X Men: First Class (dir. Matthew Vaughn, 2011) – Mutants Charles Xavier and Erik Lensherr unite on the same path to stop a spark that could ignite the third World War.
Returning to untold history, X-Men: First Class presents an effective reveal of answers to split ideologies.
Hostility between two camps often stems from trite motivations. Best guesses? Vengeful retribution. Pecuniary greed. Thirst for power. Sometimes, it lazily boils down to an innate appetite for destruction.
What has always made X-Men a fascinating stand-out in the superhero genre is its muddied distinction between villainy and heroism. Settling on neither black nor white, X-Men: First Class treads cautiously on this divide and looks to the past for answers to their differences.
1944, to be exact.
At an early age, Erik Lensherr (Michael Fassbender) acquainted with death in concentration camps that prosecuted and killed men for their borne identities. Charles Xavier (James McAvoy) never had to. Raised in a privileged household, he saw nothing beyond his walls of comfort.
In this involuntary fight, both men essentially stand on the same side, calling for a world where mutants can be themselves in the open. The same words ring true to them, ‘Mutant and proud’.
But as time passes, Erik’s aspirations grow in grandiosity and aggression that he deems necessary. As Charles chooses pacifism over conflict, they continue to drift apart. Disparate ideologies drive them onto separate paths, past their common cause to co-exist with humans sans the X-gene. To reach the same singular destination of assimilation, Charles sees defense and Erik, offence.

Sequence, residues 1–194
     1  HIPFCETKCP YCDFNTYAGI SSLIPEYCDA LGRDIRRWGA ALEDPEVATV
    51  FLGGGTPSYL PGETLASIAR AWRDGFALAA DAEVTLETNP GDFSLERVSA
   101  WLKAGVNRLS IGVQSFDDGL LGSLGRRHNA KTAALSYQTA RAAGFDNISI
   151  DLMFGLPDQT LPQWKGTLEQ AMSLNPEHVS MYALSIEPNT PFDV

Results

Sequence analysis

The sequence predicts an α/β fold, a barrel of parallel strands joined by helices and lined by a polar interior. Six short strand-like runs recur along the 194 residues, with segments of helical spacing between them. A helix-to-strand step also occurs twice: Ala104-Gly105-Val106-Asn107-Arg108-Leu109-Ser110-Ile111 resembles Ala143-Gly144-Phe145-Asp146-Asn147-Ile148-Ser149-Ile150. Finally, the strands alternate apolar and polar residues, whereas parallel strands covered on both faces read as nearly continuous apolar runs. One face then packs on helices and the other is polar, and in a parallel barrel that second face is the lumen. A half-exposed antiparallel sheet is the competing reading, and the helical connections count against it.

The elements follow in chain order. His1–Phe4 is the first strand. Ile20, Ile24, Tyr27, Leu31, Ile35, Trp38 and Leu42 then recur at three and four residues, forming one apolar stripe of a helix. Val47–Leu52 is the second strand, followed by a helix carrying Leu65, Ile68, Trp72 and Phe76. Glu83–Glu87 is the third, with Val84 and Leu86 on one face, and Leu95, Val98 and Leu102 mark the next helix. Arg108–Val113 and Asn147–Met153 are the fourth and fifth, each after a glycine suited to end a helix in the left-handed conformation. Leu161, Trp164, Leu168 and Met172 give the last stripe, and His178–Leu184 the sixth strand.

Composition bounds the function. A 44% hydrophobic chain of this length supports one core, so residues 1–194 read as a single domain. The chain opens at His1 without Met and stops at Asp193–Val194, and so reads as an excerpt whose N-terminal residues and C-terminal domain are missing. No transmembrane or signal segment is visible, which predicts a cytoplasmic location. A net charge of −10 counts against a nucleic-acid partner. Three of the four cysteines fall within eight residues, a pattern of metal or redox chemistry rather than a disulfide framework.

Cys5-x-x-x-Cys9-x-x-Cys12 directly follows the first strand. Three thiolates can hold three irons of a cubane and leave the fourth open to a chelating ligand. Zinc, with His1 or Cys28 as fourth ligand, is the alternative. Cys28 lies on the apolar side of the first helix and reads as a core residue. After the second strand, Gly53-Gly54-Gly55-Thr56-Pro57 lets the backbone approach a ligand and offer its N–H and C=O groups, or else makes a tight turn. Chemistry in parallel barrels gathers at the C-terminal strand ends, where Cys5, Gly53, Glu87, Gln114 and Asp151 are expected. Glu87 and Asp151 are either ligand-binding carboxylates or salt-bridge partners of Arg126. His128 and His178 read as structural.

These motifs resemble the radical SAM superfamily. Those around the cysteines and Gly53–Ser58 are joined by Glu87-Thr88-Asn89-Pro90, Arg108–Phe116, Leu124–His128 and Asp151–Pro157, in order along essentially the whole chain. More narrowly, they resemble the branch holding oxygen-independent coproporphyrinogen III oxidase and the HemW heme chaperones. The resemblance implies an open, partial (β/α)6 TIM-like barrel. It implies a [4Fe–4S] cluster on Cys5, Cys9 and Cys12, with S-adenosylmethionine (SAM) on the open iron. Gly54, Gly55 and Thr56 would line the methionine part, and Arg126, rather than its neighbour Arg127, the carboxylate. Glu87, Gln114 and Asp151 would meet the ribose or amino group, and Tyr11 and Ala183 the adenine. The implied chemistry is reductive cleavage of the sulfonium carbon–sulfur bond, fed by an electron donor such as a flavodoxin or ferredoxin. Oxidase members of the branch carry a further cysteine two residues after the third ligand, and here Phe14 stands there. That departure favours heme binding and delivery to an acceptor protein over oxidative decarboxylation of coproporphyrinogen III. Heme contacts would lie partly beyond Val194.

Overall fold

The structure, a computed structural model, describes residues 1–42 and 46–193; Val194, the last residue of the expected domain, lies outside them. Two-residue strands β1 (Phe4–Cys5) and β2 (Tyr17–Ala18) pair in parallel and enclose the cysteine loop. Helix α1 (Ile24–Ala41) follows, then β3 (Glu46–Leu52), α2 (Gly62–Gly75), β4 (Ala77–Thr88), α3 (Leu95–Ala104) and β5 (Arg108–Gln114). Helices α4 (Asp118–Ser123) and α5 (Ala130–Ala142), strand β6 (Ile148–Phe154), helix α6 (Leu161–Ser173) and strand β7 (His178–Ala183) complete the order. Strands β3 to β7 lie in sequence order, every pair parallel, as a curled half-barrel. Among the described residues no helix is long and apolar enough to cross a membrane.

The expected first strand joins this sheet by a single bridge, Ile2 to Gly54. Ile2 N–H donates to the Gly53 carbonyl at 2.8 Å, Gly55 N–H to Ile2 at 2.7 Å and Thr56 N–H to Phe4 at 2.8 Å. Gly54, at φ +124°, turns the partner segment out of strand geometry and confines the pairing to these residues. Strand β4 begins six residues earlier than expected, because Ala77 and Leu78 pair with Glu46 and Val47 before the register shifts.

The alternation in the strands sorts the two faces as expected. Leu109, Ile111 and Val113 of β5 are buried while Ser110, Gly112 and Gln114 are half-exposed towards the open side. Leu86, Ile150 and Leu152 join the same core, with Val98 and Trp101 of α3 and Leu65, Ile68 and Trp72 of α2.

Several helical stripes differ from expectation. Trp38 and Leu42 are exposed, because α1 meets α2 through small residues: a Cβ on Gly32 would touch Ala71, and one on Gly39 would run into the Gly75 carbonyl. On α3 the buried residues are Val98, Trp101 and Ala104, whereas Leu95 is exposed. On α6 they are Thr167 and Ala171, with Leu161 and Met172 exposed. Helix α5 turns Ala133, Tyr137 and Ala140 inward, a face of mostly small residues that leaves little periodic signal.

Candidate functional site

Down to the X-team, mutants like Raven (Jennifer Lawrence) and Hank (Nicholas Hoult) posit a similar conundrum. Before they were Mystique and Beast, they take solace in hiding their true skin. But when Hank’s physical mutation finds permanence, he struggles with shame in his identity. Mystique instead chooses to accept herself and finds resonance with Erik’s ideals.
The young mutants unite to counter the same threat, yet arrive at odds with their means to an end. Similar experiences end up interpreted in vastly different shades. Rather than focusing on a battle against destructive vice or romantic entanglements (I’m talking to you, Last Stand), First Class takes on a character-driven design that thoughtfully explicates what shapes each person to be who they are.
Supported by an impressive ensemble cast, this origins approach injects new life and style to a quickly tiring franchise. Of the large team, there is no question that the spotlight falls upon James McAvoy and Michael Fassbender. Despite large boots to fill, both inhabit their respective roles with astounding presence. As Patrick Stewart and Ian McKellen did, the pair convincingly traverses from close-knit friendship to bitter rivalry.
A gripping part of history once hastily told by the original trilogy finally gets the treatment it deserves. X-Men: First Class cleverly retraces and expounds the riveting story of how the opposing sides took form.
Read my review of Days of Future Past here.